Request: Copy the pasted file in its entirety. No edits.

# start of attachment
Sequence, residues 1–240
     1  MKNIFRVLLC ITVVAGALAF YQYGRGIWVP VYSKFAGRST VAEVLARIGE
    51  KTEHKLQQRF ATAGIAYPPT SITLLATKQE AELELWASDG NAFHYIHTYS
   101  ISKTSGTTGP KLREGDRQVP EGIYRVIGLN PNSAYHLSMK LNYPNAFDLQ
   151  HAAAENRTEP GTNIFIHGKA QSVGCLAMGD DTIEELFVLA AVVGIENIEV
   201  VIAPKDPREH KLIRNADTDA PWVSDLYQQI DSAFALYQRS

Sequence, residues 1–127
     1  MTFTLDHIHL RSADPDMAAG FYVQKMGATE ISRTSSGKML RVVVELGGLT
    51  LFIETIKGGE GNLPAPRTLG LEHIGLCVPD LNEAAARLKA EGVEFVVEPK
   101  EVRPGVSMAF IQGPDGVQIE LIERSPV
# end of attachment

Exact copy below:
Sequence, residues 1–240
     1  MKNIFRVLLC ITVVAGALAF YQYGRGIWVP VYSKFAGRST VAEVLARIGE
    51  KTEHKLQQRF ATAGIAYPPT SITLLATKQE AELELWASDG NAFHYIHTYS
   101  ISKTSGTTGP KLREGDRQVP EGIYRVIGLN PNSAYHLSMK LNYPNAFDLQ
   151  HAAAENRTEP GTNIFIHGKA QSVGCLAMGD DTIEELFVLA AVVGIENIEV
   201  VIAPKDPREH KLIRNADTDA PWVSDLYQQI DSAFALYQRS

Sequence, residues 1–127
     1  MTFTLDHIHL RSADPDMAAG FYVQKMGATE ISRTSSGKML RVVVELGGLT
    51  LFIETIKGGE GNLPAPRTLG LEHIGLCVPD LNEAAARLKA EGVEFVVEPK
   101  EVRPGVSMAF IQGPDGVQIE LIERSPV